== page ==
But I digress. I think a few people have found a good balance, and more strive to get to that point. I’ve tried scheduling 4-day weeks and taking Friday to work on WordPress Community things like core patches, or personal projects. I’ve tried scheduling 3 weeks a month for clients and a 4th week off for overflow, core, personal. Neither have really worked for me yet. Either way I’ll find a way to devote more hours to core and find a dedicated time to work on personal projects without taking away family time before the end of the year so I can have something fully implemented for 2013
If you could change one thing today about WP, what would it be?
Post statuses. Currently not a very flexible implementation but it requires a lot of work to re-implement and maintain backwards compatibility. This is actually on my personal hit list for 3.6
Where do you see WordPress going in the next 2-3 years?
I think it will get more extensible. We’ve seen some big changes in 3.5 like the media manger overhaul. It’s not a full overhaul but it’s a step in the right direction and about as much as you can do in a release cycle without going off schedule. I think media (and other content) will get better. We’ll see things get cleaned up more, and legacy things go away– like the link manager disappearing in 3.5.
Tell us a story where you saved the WP day for yourself or on a client project. What made the difference for you?
It would have to be the large site I worked on recently with the bad queries. The client inherited a site that got a massive amount of traffic, but due to the size of the database, some queries were taking ridiculous times to run. The client through all the hardware at it they could, and were literally burning cash by the day trying to keep this site up. I was able to clean up some queries to help the page load times which made a big quick impact. I’m still working on removing horrible plugins that just don’t scale well. As I’ve said before, I’m more a fan of simple one-off plugins to do a simple task, than all-in-one plugins that try and do everything under the sun.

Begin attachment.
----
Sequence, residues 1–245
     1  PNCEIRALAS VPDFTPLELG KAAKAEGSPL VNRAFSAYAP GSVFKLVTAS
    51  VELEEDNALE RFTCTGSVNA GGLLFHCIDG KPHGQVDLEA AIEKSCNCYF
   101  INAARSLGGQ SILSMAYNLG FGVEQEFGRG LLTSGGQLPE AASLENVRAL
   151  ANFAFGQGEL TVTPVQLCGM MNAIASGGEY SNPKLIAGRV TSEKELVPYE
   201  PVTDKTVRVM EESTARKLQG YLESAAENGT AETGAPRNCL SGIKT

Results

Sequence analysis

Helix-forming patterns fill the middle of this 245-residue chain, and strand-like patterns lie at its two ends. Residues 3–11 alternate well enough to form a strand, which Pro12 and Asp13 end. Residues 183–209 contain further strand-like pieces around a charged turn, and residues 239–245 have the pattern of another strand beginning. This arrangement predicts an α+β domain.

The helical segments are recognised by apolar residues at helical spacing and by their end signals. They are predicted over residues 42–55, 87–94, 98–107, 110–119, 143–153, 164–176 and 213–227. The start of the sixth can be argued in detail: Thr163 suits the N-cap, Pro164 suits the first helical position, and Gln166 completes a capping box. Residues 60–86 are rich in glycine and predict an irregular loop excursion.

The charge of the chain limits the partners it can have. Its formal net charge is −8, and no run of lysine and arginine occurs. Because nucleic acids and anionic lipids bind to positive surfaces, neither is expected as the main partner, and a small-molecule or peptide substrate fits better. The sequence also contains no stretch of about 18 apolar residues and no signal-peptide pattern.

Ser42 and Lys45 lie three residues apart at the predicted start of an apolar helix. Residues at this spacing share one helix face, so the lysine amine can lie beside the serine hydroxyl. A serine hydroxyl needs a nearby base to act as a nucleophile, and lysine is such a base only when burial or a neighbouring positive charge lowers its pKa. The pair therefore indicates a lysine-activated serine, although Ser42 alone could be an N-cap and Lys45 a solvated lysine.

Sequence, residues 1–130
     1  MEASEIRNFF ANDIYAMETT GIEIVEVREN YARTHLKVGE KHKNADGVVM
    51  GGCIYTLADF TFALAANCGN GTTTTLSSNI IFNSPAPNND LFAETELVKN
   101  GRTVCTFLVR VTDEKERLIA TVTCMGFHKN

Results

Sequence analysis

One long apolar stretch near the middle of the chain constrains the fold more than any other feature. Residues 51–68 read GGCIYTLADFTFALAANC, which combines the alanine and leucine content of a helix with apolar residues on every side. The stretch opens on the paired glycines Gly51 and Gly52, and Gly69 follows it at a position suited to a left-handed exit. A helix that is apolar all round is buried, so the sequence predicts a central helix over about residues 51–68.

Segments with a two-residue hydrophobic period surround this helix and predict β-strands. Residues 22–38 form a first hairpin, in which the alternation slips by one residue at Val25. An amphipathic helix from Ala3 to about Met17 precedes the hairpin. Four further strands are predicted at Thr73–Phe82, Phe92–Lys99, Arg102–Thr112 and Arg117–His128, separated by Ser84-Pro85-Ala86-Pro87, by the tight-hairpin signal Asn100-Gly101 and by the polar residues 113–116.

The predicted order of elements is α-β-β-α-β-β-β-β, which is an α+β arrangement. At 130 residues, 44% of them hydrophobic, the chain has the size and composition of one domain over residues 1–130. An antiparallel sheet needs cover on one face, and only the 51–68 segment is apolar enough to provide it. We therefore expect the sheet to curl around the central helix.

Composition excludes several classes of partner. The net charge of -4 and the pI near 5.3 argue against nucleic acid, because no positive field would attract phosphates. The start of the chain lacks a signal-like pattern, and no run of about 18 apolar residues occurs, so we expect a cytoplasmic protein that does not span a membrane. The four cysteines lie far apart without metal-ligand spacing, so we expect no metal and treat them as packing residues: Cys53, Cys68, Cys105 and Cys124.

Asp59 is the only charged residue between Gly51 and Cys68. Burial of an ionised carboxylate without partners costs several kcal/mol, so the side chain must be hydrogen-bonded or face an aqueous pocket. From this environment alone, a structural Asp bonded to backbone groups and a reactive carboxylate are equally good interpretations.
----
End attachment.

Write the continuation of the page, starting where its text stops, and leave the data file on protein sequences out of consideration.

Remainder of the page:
What’s the biggest misconception you encounter about WordPress, and how do you clear it up for your clients?
It looks pretty.
Apparently because there are a lot of good looking WordPress themes out there, people think that’s all WordPress. It’s not really an issue I’ve really needed to clear up either. Since the few clients I’ve had come with that misconception didn’t want to be able to modify the site by themselves, I still built it in WordPress just for ease of use myself down the road.
If you were interviewing another WordPress developer for a job, what is the first question you would ask and why?
Can you write beautiful code? The WordPress motto is “Code is poetry” and I think that stands true. Our code should be beautiful, elegant, and functional. I’m OCD about my formatting because I want it to be easy to read for both myself and others following me.
What did I miss? Here’s your chance to fill in the blanks and add something you want people to know about you!
I don’t think I’ve missed anything. If you want to know more about me leave a question in the comments and I’ll follow up!
Thanks Ryan. Y’all get on over to fusionized.com to see about working with Ryan. He’s usually booked a few months in advance, but just like your prom night, he’s worth the wait.